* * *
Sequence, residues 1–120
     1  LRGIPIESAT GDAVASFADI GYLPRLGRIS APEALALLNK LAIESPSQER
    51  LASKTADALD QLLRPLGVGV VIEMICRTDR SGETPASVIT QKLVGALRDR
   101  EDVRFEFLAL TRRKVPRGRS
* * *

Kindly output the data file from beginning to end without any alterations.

Sequence, residues 1–120
     1  LRGIPIESAT GDAVASFADI GYLPRLGRIS APEALALLNK LAIESPSQER
    51  LASKTADALD QLLRPLGVGV VIEMICRTDR SGETPASVIT QKLVGALRDR
   101  EDVRFEFLAL TRRKVPRGRS